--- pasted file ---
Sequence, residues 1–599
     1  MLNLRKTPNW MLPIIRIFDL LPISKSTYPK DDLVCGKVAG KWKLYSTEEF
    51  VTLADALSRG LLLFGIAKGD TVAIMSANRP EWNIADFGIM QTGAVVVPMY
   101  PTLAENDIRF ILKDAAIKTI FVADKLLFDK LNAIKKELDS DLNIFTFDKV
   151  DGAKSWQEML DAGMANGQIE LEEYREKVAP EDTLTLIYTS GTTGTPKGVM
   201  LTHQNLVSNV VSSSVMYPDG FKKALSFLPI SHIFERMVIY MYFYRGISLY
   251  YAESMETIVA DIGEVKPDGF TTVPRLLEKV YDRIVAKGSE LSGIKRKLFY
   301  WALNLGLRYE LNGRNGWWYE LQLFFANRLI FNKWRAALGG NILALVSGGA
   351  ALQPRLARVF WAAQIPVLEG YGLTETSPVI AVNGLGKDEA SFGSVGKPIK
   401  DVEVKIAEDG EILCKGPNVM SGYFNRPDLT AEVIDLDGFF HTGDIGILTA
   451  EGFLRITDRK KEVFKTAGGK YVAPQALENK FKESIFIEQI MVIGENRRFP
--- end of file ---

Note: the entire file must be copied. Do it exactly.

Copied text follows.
Sequence, residues 1–599
     1  MLNLRKTPNW MLPIIRIFDL LPISKSTYPK DDLVCGKVAG KWKLYSTEEF
    51  VTLADALSRG LLLFGIAKGD TVAIMSANRP EWNIADFGIM QTGAVVVPMY
   101  PTLAENDIRF ILKDAAIKTI FVADKLLFDK LNAIKKELDS DLNIFTFDKV
   151  DGAKSWQEML DAGMANGQIE LEEYREKVAP EDTLTLIYTS GTTGTPKGVM
   201  LTHQNLVSNV VSSSVMYPDG FKKALSFLPI SHIFERMVIY MYFYRGISLY
   251  YAESMETIVA DIGEVKPDGF TTVPRLLEKV YDRIVAKGSE LSGIKRKLFY
   301  WALNLGLRYE LNGRNGWWYE LQLFFANRLI FNKWRAALGG NILALVSGGA
   351  ALQPRLARVF WAAQIPVLEG YGLTETSPVI AVNGLGKDEA SFGSVGKPIK
   401  DVEVKIAEDG EILCKGPNVM SGYFNRPDLT AEVIDLDGFF HTGDIGILTA
   451  EGFLRITDRK KEVFKTAGGK YVAPQALENK FKESIFIEQI MVIGENRRFP